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Travel Q&A: Where to Find a Royal Dinner, How to Enter Prince Edward Island

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By K.C. Summers
Special to The Washington Post
Sunday, August 30, 2009

Q. For all those Americans like myself who will never be invited to a royal dinner at Windsor Palace: Is there any place that stages a royal dinner (for profit, of course) under the guise of pure escapism for the common man and woman?

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Milton Nelson, Arlington

A. Okay, it's not quite sitting down with Her Majesty, but here are some places where you can have a bit of a nosh amid royal splendor.

-- The Royal Yacht Britannia. On the British royal family's former yacht, now decommissioned and moored in Edinburgh, you can drop by for afternoon tea in the Royal Deck Tea Room, where Queen Elizabeth II once entertained world dignitaries. Admission is about $16. Info: 011-44-131-555-5566, http://www.royalyachtbritannia.co.uk.

-- Hampton Court Palace. Traditional Tudor dishes are served the first weekend of every month in King Henry VIII's former digs in Surrey. There's also a regular menu, with entrees starting at about $11. Admission is about $23. Details: 011-44-20-3166-6000, http://www.hrp.org.uk/hamptoncourtpalace.

-- Hever Castle. The childhood home of Anne Boleyn, about 30 miles from London in West Kent, is hosting a banquet Oct. 29 in the Tudor Suite Dining Hall. Bonus: a "psychic investigation" and a chance to roam the castle afterward. Cost of about $485 per person double includes overnight lodging and breakfast. Reservations: 011-441-732-861800, http://www.hevercastle.co.uk.

For more info on Britain's royal trappings: Visit Britain, 800-462-2748, http://www.visitbritain.us.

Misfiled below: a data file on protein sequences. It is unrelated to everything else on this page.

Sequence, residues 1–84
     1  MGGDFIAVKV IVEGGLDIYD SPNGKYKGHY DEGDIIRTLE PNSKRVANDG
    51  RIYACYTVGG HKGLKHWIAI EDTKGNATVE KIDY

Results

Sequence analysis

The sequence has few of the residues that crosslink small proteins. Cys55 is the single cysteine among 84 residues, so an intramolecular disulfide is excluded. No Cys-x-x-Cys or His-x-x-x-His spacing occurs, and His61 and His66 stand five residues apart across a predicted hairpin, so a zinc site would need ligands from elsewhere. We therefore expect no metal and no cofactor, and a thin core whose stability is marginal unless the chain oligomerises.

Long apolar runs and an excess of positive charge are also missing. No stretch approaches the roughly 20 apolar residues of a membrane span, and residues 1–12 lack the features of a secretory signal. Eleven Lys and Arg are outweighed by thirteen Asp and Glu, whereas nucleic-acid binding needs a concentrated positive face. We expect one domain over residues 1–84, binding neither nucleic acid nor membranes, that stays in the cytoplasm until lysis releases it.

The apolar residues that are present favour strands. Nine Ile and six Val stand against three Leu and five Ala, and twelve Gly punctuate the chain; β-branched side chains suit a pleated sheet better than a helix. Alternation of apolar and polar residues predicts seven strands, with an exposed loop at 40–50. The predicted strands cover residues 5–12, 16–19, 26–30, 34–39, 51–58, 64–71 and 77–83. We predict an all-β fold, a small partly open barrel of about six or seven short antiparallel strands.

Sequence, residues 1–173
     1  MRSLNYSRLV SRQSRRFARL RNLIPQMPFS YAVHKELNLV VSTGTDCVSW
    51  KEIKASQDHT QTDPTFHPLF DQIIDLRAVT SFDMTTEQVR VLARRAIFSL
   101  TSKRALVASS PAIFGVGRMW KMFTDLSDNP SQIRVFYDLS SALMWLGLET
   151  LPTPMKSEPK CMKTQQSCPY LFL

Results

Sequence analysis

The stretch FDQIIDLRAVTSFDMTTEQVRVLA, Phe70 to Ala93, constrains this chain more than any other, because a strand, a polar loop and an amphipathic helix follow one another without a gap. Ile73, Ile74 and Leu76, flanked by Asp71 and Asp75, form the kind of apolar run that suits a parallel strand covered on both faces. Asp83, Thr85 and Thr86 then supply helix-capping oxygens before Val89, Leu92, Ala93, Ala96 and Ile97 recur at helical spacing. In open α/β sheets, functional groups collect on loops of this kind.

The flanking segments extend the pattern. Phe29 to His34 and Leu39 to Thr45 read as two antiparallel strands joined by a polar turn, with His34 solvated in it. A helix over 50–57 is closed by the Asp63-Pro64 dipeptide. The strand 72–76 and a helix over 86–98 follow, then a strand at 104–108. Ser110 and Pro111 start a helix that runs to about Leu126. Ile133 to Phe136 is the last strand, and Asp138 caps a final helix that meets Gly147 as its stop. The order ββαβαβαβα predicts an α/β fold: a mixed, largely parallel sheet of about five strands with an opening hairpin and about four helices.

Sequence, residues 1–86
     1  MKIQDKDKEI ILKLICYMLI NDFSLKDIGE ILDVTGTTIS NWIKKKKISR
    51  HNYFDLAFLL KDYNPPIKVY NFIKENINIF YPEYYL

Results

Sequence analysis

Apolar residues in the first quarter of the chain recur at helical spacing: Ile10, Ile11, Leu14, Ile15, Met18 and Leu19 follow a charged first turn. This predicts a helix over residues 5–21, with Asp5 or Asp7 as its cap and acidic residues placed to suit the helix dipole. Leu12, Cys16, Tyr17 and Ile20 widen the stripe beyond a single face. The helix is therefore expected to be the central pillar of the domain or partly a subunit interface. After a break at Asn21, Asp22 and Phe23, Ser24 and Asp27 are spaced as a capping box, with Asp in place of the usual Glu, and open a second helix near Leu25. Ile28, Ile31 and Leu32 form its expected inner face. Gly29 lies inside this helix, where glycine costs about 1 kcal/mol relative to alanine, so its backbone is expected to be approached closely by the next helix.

My wife and I plan a motor trip through New England and may want to go as far as Prince Edward Island. Will we need passports? If not, what other forms of ID might we need for passage into Canada and back?

George Taylor, Purcellville

To get into Canada by land, you'll need proof of U.S. citizenship as well as proof of identity. A passport, passport card or card from a "trusted traveler" program such as NEXUS is best, but officials will also accept a government-issued photo ID, such as a driver's license, along with a U.S. birth certificate, naturalization certificate or expired U.S. passport.

To return to the States by land, you'll need a passport, passport card or a Western Hemisphere Travel Initiative-compliant document, such as an enhanced driver's license or a trusted-traveler card.

Details: WHTI, http://www.getyouhome.gov.

Your Turn

Note to self: Avoid superlatives. In our Aug. 23 column, we said that Pittsburgh's Monongahela Incline is the steepest incline in the country; reader Sharon Sheldon begged to differ, saying that distinction belongs to the Inclined Plane in Johnstown, Pa. Judge for yourself: The Mon is 635 feet in length, with a 71.5 percent, or 35-degree, 35-minute, grade; Johnstown's incline is 896 feet in length, but with a 70.9, or 35-degree, 25-minute, grade. Several sources do say that Johnstown's incline is the steepest vehicular incline in the world.

A couple of readers had more tips for the couple driving to Michigan's Upper Peninsula (Aug. 23). Illyce MacDonald of Alexandria recommended the Rock and Roll Hall of Fame in Cleveland; Cedar Point amusement park in Sandusky, Ohio; Tony Packo's Hungarian hot dog joint in Toledo; and the Henry Ford Museum in Dearborn, Mich., among other spots. And reader John Kost said to avoid the Pennsylvania and Ohio turnpikes in favor of interstates 68 and 79: "Far more scenic, faster speed limits, no tolls, more restaurant choices, and far fewer Pennsylvania state troopers."

Send queries by e-mail (travelqa@washpost.com) or U.S. mail (Travel Q&A, Washington Post Travel Section, 1150 15th St. NW, Washington, D.C. 20071). Please include your name and town.



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